Since writing my post Planning for a Heat Pump Furnace in Michigan, I’m getting closer to taking the plunge. I’ve learned some interesting things along the way, most of all about geothermal, which was not on my radar at first. This post looks at the near- and long-term costs of geothermal heat pumps and the incentives they create.
Does cost matter? It shouldn’t, but it does. At a societal level, the urgency of electrification is well-established. Humanity must replace fossil-fuel-burning equipment with electric alternatives and the grid that powers them must be converted to running on renewables. The future is grim if these things don’t happen.
In the face of ecological collapse, it shouldn’t much factor into the equation whether electrification costs somewhat more or less than continuing to spew carbon. At least, not at a societal level.
But for individuals faced with replacing an old gas furnace, of course cost is a deciding factor. As I got price estimates and read, I made a spreadsheet for some basic cost comparisons of geothermal vs. high-efficiency gas heat (with electric A/C). The result surprised me.
In the short term, geothermal is way more expensive. I have a small lot, so would need to have more-expensive vertical loop wells instead of horizontal. Installing those wells is a five-figure cost. Then a manifold of pipes gets built above those vertical loops and routed into my basement. Also expensive. Then I need the actual heat pump unit that extracts heat and blows it into my house, akin to the gas furnace being replaced. (In the summer, it runs the other direction, dumping heat into the ground and cooling the home). All of these costs hit at once.
Then it gets interesting. The in-ground loops last upwards of 50 or 100 years with no additional costs. All that gets serviced and replaced over time is the heat pump unit, which is in the same cost ballpark as the combination of a high-quality furnace & air conditioner. It should last longer than those conventional counterparts, in part because it’s doing a low-stress job with a constant heat source as opposed to combusting gas.
Where I would save money is on operating. Geothermal couples a high-efficiency technology, the heat pump, with a constant source of heat or cold, year-round. This improves on an air-source heat pump, which doesn’t require the in-ground infrastructure but is inefficient when trying to cool using very hot air or draw heat from frigid winter air.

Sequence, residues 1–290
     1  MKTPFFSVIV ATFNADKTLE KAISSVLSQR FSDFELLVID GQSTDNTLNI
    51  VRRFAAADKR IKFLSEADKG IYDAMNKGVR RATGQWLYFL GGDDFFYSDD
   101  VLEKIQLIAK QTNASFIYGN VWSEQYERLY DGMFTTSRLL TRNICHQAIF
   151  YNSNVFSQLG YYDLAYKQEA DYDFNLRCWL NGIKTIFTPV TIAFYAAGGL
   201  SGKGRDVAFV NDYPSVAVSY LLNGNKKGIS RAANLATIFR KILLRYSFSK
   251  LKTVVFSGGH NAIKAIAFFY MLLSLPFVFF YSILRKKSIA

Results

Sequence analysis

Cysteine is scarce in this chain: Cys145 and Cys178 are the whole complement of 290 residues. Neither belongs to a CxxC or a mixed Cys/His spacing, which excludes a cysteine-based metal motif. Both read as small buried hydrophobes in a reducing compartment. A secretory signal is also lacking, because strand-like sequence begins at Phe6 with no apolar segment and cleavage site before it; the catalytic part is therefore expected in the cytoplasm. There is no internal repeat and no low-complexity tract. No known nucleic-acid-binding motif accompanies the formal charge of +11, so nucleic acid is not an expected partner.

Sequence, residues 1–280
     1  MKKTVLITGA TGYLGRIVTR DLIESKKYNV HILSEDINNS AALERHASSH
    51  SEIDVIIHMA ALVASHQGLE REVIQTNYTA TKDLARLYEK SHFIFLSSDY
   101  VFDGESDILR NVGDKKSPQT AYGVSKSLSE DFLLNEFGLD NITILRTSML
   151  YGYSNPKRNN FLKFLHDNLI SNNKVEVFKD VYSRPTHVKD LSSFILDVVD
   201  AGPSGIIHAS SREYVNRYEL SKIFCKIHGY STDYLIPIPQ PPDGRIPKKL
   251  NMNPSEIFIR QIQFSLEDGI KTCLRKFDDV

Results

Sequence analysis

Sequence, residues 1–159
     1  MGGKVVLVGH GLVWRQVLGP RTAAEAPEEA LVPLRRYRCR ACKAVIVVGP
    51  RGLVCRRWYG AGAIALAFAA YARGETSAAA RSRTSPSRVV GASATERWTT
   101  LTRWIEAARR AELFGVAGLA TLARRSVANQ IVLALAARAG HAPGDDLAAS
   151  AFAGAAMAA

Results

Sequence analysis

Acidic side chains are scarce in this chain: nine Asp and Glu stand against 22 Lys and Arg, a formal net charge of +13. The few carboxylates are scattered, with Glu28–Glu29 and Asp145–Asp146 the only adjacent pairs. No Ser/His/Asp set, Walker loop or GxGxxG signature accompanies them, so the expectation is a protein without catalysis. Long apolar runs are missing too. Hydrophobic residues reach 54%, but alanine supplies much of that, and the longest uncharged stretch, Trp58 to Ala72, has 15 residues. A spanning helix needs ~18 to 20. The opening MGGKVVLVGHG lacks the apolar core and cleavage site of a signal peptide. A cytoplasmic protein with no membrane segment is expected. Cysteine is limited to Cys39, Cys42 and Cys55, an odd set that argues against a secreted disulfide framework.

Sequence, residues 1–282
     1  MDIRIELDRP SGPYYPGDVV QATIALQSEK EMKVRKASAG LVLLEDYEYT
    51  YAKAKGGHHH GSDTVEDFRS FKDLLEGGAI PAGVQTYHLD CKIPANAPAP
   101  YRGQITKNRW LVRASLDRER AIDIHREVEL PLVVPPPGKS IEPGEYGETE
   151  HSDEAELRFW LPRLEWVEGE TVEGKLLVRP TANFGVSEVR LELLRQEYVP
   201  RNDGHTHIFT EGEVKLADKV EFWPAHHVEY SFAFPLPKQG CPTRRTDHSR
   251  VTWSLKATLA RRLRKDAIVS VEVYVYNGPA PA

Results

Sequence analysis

Modeling the savings is tricky. Cost inputs depend on your heating and cooling needs, fuel and electricity costs, and other factors. For instance, my electric utility (DTE) offers a separate meter for geothermal units that pays a lower rate. But to generalize, the US Department of Energy suggests that geothermal reduces winter heating costs by 50%. Another page quotes the EPA as saying overall savings are 30-60% annually. Even assuming only 30% savings, my calculations were that over the lifespan of the project, geothermal pays for itself and then much more.
My quick estimate showed that by the time the first heat pump unit is replaced at Year 25 after installation, the total lifetime cost is even with gas (100% of the cost). That is, in Years 2-25, the lower operating costs of geothermal recouped the big initial outlay. And now the loop is paid for and continues to work! So in Years 26-50, geothermal would cost only about 57% vs. gas.
At that point I may not be alive, much less living in the same home. But someone will be living there and reaping the benefits of the geothermal loop as they save 43% each year on their heating and cooling costs, likely beyond Year 50.
All of which makes the cost structure and incentives unfortunate. Geothermal is the most efficient way to heat and cool a home in Michigan. It’s also the cheapest, in the long run, even considering the massive up-front expenses. But it’s that first homeowner who has to take the financial hit. And most homeowners rightly balk at the upfront costs.
The tax credits (30%) on a new geothermal system are great. But they mostly benefit wealthier homeowners. Missing from the picture is a simple and widely-marketed financial instrument that would provide long-term financing for the installation costs and bundle with the home. The Department of Energy alludes to such a mortgage:
When included in a mortgage your investment in a GHP [geothermal heat pump] may produce a positive cash flow from the beginning. It may also be possible to include the purchase of a GHP system in an “energy-efficient mortgage” that would cover this and other energy-saving improvements to the home. Banks and mortgage companies can provide more information on these loans.https://www.energy.gov/energysaver/choosing-and-installing-geothermal-heat-pumps
I hope to learn more about such financing arrangements. But even if great ones exist, the fact that they’re not widely known and used indicates a missed opportunity. Geothermal heat pumps save homeowners money, conserve energy, and reduce carbon emissions. Society benefits from their widespread adoption. We just need an easy, common way to spread out the upfront cost.